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Chapter 2

PSYC37 - Chapter 2.docx

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University of Toronto Scarborough
Anthony C Ruocco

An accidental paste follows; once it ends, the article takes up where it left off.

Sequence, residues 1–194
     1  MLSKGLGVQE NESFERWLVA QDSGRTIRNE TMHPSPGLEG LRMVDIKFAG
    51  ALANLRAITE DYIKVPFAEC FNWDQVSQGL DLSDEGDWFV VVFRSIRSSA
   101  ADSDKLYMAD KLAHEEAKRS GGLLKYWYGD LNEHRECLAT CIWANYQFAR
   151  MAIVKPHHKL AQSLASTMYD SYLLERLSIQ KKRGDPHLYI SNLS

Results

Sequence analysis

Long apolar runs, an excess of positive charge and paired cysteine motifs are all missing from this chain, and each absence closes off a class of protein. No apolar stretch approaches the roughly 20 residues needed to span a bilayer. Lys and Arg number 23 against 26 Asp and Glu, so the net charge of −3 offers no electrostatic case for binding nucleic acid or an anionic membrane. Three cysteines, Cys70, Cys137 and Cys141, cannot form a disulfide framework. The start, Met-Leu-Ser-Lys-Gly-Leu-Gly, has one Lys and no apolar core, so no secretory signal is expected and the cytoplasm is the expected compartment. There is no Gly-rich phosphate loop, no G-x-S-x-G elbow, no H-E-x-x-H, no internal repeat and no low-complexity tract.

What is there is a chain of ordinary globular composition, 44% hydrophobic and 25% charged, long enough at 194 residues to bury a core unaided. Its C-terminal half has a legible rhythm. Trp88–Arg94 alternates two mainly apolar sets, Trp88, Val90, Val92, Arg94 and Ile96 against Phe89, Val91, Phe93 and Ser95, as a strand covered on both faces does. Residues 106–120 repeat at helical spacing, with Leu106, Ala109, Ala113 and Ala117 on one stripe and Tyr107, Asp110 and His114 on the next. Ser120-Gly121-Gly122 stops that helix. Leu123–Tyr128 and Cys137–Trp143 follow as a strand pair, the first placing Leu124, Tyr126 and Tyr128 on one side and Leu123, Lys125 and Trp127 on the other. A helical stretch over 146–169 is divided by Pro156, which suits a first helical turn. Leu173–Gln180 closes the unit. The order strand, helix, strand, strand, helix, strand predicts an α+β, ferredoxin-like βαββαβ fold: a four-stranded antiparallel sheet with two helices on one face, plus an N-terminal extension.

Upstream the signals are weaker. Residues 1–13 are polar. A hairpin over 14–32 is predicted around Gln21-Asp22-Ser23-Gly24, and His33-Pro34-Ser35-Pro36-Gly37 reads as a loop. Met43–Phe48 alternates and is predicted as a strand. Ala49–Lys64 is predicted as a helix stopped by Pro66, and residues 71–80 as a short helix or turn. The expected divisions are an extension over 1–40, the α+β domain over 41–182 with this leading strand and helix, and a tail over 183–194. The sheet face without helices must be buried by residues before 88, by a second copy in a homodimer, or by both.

Psychological Testing – Chapter 2 – The history of Psychological Testing The origins of psychological testing Rudimentary forms of testing date back to 2200 B.C. in China. The Chinese emperors used gruelling written exams to select officials for civil service. In the mid-to late 1800’s, several physicians and psychiatrist developed standardized procedures to reveal the nature and extent of symptoms in the mentally ill and brain injured. For example, in 1885, Hubert von Grashey developed the precursor to the memory drum to test visual recognition skill of brain-injured patients. Modern psychological testing owes its inception to the era of brass instruments psychology that flourished in Europe during the late 1800s. By testing sensory thresholds and reaction times, pioneer test developers such as Sir Francis Galton demonstrated that it was possible to measure the mind in an objective and replicable manner Wilhelm Wundt founded the first psychological laboratory in 1879 in Leipzig, Germany. Included among his earlier investigations was his 1862 attempt to measure the speed of thought with the thought metre, a calibrated pendulum with needles sticking off from each side The first reference to mental tests occurred in 1890 in a classic paper by James McKeen Cattell, an American psychologist who had studied with Galton. Cattell imported the brass instruments approach to the US One of Cattell’s students, Clark Wissler, showed that reaction time and sensory discrimination measures did not correlate with college grades, thereby redirecting the mental-testing movement away from brass instruments In the late 1800’s, a newfound humanism toward the mentally retarded, reflected in the diagnostic and remedial work of French physicians Esquirol and Seguin, helped create the necessity for early intelligence tests Alfred Binet, who was to invent the first true intelligence test, began his career by studying hysterical paralysis with the French neurologist Charcot. Binet’s claim that magnetism could cure hysteria was, to his pained embarrassment, disproved. Shortly thereafter, he switched interests and conducted sensory-perceptual studies, using his children as subjects In 1905, Binet and Simon developed the first useful intelligence test in Paris, France. Their simple 30-item measure of mainly higher mental functions helped identify schoolchildren who could not profit from regular instruction. Curiously, there was no method for scoring the test In 1908, Binet and Simon published a revised 58-item scale that incorporated the concept of mental level. In 1911, a third revision of the Binet-Simon scales appeared. Each age level now had exactly five tests; the scale extended into the adult range In 1912, Stern proposed dividing the mental age by the chronological age to obtain an intelligence quotient. In 1916, Terman suggeste
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